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Hoffmann, R. A wiki for the life sciences where authorship matters. Nature Genetics (2008)
 
 
 
 
 

Phenylarsine oxide as an inhibitor of the activation of the neutrophil NADPH oxidase--identification of the beta subunit of the flavocytochrome b component of the NADPH oxidase as a target site for phenylarsine oxide by photoaffinity labeling and photoinactivation.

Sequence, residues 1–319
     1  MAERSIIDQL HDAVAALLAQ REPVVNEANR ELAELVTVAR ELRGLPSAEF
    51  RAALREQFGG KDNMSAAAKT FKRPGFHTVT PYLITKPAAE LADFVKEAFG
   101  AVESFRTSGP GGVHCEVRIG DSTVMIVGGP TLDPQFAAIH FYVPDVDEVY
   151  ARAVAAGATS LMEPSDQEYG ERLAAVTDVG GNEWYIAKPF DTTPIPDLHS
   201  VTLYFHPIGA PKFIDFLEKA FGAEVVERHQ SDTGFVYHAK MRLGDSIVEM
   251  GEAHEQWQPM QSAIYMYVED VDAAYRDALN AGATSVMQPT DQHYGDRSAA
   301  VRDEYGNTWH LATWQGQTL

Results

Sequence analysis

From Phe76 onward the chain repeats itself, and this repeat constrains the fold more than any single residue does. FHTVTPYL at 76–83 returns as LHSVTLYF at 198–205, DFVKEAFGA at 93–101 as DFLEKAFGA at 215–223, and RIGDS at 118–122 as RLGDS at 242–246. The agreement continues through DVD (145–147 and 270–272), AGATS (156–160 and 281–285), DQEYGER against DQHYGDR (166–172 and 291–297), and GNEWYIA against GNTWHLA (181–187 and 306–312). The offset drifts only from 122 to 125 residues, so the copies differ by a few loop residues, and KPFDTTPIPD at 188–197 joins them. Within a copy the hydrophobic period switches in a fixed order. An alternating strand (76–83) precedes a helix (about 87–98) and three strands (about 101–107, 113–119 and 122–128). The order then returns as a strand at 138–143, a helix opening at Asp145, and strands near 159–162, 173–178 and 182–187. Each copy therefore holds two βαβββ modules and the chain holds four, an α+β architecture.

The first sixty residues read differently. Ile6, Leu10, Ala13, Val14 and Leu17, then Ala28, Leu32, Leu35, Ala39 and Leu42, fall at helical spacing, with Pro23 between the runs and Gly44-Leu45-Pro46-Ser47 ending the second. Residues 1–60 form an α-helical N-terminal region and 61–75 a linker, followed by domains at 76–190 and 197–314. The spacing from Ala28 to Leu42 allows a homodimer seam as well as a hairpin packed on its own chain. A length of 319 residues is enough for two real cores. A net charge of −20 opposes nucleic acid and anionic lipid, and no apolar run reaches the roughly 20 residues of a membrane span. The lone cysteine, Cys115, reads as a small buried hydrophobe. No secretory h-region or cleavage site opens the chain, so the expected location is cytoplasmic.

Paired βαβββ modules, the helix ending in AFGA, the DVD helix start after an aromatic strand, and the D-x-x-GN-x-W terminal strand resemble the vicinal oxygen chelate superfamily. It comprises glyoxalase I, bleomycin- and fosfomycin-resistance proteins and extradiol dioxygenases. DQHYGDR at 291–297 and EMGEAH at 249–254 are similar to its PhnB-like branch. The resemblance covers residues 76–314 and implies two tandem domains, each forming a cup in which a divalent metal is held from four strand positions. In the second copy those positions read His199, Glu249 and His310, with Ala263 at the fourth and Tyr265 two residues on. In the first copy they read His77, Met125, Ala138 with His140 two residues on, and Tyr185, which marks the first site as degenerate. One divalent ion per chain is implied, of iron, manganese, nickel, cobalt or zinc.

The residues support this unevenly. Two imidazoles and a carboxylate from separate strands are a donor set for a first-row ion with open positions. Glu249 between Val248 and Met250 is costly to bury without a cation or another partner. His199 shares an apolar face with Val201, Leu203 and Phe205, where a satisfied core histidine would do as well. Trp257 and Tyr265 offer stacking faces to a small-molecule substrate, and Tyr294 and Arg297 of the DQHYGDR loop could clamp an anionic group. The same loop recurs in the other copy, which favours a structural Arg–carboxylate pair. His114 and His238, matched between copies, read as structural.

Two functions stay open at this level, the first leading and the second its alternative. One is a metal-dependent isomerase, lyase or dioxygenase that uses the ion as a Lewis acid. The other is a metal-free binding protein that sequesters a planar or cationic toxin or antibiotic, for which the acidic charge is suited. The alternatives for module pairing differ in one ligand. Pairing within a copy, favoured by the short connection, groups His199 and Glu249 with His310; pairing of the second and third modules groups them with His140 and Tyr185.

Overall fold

Plasma membranes of neutrophil cells contain the redox component of the O2(-)-generating NADPH oxidase complex, namely a heterodimeric flavocytochrome b consisting of an alpha subunit of 22 kDa and a beta subunit of 85-105 kDa of a glycoprotein nature. The NADPH oxidase is dormant in resting neutrophils. When neutrophils are exposed to a variety of particulate or soluble stimuli, the oxidase becomes activated, due to the assembly on the membrane-bound flavocytochrome b of three cytosolic factors, p47phox, p67phox and Rac 2 (or Rac 1). The effect of phenylarsine oxide (PAO), which reacts specifically with vicinal and neighbouring thiol groups in proteins, was assayed on the NADPH oxidase activity of bovine neutrophils, elicited after activation of the oxidase in a cell-free system consisting of plasma membranes and cytosol from resting neutrophils, GTP[S], ATP and arachidonic acid; the effect of PAO on the oxidase activation itself was measured independently. PAO preferentially inhibited oxidase activation rather than the elicited oxidase activity, and inhibition resulted from binding of PAO to the membrane component of the cell-free system. To determine the PAO-binding protein responsible for the loss of oxidase activation, we used photoaffinity labeling with a tritiated azido derivative of PAO, 4-[N-(4-azido-2-nitrophenyl)amino-[3H]acetamido]phenylarsine oxide, ([3H]azido-PAO). Photoirradiation of plasma membranes from resting neutrophils in the presence of [3H]azido-PAO resulted in the prominent labeling of a protein of 85-105 kDa whose migration on SDS/PAGE coincided with that of the beta subunit of flavocytochrome b as identified by immunoreaction. Upon deglycosylation, the photolabeled band at 85-105 kDa was shifted to 50-60 kDa as was the immunodetected beta subunit. Similar results were obtained with isolated flavocytochrome b in liposomes. Photoaffinity labeling of the beta subunit of the membrane-bound flavocytochrome b or the isolated flavocytochrome b in liposomes resulted in abolition of oxidase activation in the reconstituted cell-free system. Incorporation of [3H]azido-PAO into flavocytochrome b was negligible when photoaffinity labeling was performed on neutrophil membranes that had been previously activated. The results suggest that the beta subunit of flavocytochrome contains two target sites for PAO which are accessible in resting neutrophils, but not in activated neutrophils.[1]

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